The liberal left, which has been Max Mueller’s spokesperson and champion of the Aryan Invasion Theory for the longest time has been the one saying that Aryans came and subsumed the local Dravidian culture. I do not need to post references, all of us who have been to school and read the garbage that passed of as history textbook will remember this. On the contrary, it has been research carried out by scholars on the “right” of the spectrum that has led to the AIT being forcefully challenged.
Yes, some ideologues on the right have gone overboard with the ancient internet and aeroplanes, but that does not negate the wealth of information that is presented in our scriptures. Away from the westernised “Professional History” of the Left, a lot of information regarding astronomy, mathematics, philosophy and medicine has been unearthed in scriptures from India’s “golden age”. Dr Lad, for example, found a cure to treat leprosy by studying Sanskrit scriptures. The Left fallacy lies in ad hoc dismissing the entire gamut of Indian literature, and having a condescending attitude towards it, as the article shows.
Now we move back to the Mughal age, where Thapar claims that Upper Castes dominated the administration. An old article of mine “How Indian was the Mughal Empire?“, graciously published by Indiafacts, shows that hardly any Indian Muslims leave alone Hindus and Upper Castes could reach the upper echelons of power. From Babur through Aurangzeb, the percentage of foreign nobles hovered around 75 %. Local Muslims and Rajputs, their staunchest allies, made up the rest. The following two photos will show how many Upper Castes made it to the administration in the days of Akbar and Jehangir, when the Idea of India, to use a much abused phrase, had reached its zenith.
Since the article swings on the liberal left, it dutifully sticks to meaningless whataboutery.
I quote, “Claim to victimisation is ironic given that worst form of victimisation – claiming lower castes to be polluted – was practised by upper castes for 2000 years”. The problem with this statement, is that while Hindu society has recognised the problem of caste and taken steps to overcome it, the secular society of India has moved around in the pages of medieval history with a large bucket of white paint. Hindu society has accepted the problem with caste and moved accordingly. But if similar coming to terms with history is demanded of the Left, you are branded as Hindutva fanatic, RSS supporter etc. Moreover, medieval tyrants continue to be role models. While ‘Atrocity Literature’ can fill up an entire library (preferably the one in JNU), books talking of temple destruction and forced conversions are supposed to be trivialized ‘Hindutva history’, books by Bhayarappa, for example.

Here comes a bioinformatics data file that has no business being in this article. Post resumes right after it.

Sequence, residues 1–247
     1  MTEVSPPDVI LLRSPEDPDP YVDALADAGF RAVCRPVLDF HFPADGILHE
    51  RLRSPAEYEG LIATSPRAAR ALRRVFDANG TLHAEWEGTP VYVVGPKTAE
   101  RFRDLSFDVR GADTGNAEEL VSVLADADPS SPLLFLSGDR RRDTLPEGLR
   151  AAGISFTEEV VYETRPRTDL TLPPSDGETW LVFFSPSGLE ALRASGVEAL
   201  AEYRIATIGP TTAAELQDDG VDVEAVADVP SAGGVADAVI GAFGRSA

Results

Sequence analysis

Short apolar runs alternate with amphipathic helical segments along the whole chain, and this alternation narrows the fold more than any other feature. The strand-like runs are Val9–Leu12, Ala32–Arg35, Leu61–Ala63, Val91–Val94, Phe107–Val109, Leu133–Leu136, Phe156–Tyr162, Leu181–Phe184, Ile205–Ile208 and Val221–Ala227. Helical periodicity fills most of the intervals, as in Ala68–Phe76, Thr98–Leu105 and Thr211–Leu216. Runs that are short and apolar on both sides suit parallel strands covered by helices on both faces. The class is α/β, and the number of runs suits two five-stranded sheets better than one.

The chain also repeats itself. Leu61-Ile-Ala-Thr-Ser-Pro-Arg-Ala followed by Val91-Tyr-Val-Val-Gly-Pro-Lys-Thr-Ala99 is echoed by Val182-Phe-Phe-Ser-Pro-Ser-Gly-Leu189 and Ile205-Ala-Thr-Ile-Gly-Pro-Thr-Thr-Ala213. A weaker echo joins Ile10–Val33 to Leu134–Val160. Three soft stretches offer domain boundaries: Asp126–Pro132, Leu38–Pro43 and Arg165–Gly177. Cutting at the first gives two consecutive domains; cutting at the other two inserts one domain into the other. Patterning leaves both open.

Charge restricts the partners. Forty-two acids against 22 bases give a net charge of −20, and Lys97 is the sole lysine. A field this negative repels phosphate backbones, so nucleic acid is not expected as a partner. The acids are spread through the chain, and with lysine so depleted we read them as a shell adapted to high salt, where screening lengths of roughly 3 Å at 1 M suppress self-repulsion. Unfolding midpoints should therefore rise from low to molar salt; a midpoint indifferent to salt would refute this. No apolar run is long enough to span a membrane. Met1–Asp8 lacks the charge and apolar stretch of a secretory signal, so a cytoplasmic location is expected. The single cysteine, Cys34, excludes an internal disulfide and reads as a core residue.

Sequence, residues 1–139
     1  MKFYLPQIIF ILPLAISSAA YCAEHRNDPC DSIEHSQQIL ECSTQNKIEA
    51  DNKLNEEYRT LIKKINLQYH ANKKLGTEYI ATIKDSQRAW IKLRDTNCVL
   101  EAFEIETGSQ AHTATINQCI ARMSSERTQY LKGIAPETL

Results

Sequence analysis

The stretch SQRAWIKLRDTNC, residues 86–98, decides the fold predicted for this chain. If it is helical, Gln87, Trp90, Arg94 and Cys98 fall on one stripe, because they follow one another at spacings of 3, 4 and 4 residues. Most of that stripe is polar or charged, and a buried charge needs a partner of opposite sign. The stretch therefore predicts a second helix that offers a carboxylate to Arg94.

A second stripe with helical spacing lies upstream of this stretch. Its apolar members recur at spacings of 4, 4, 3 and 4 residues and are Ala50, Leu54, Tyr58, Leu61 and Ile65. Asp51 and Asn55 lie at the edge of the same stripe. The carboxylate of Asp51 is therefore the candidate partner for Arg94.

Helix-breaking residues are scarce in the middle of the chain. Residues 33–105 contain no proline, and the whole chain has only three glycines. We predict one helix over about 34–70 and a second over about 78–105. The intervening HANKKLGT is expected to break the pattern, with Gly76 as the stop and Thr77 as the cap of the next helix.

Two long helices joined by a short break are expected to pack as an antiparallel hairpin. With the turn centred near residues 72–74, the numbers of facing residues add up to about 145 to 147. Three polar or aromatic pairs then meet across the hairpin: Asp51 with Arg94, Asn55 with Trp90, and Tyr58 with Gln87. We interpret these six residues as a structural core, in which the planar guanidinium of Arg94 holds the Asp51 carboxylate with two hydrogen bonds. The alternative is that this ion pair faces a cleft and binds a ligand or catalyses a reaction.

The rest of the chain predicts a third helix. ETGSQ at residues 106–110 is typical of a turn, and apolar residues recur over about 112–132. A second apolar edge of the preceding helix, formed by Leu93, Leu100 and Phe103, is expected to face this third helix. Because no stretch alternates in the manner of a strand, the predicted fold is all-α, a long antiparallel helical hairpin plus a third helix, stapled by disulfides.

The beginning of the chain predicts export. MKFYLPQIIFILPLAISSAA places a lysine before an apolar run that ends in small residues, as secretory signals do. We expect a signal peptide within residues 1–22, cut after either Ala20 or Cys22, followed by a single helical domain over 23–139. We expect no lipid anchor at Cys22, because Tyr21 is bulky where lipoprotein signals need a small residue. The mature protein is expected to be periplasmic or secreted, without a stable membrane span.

Says Thapar, “Some powerful Muslims did attack temples”. Just about every powerful Muslim ruler did so. Then she goes on to say that Hindu rulers also stole idols and broke temples. Yes, idols were stolen, but almost always worshipped with full honour elsewhere. A marked difference from indulging in breaking idols. The whataboutery extends to Hindu – Buddhist ‘conflict’. But very carefully, the article skips mentioning Bakhtiyar Khilji and his invasion which reduced the Nalanda university to a smouldering ruin.
The article time travels once again to the days of Nehru. I quote, “the concerted attacks on Jawaharlal Nehru, country’s first PM and a symbol of anticolonial movement …. is a covert way of attacking the secular democracy”.
Thus, everyone who is critical of Nehru is critical of secular democracy. Supporters of Bose, Patel, Bhagat Singh all have valid reasons to criticise Nehru. His economic policies have been criticized as has been his handling of China with regards to the 1962 war. Entire books exist on criticism of Nehru’s actions and policies. Are all of them opponents of secularism and democracy? By decrying all opponents of Nehru as “opponents of democracy”, Ms Thapar comes very close to blind hero worship, something not expected from a practitioner of Professional History (term at end of article, not mine).
Last but not the least, the photo shown in the article is not of the Brihadeshwar temple at Tanjore. While one can grant benefit of doubt to the author with regards to pictures in an article, NYT (which has always set high standards), is expected to do better. A simple google search will land thousands of photos of this very famous temple situated right in the middle of Thanjavur city. It is nowhere close to being on a mountain top.
The title of the article then, seems rather ironic and makes one wonder about the term “Professional History”.
Featured Image: New York Times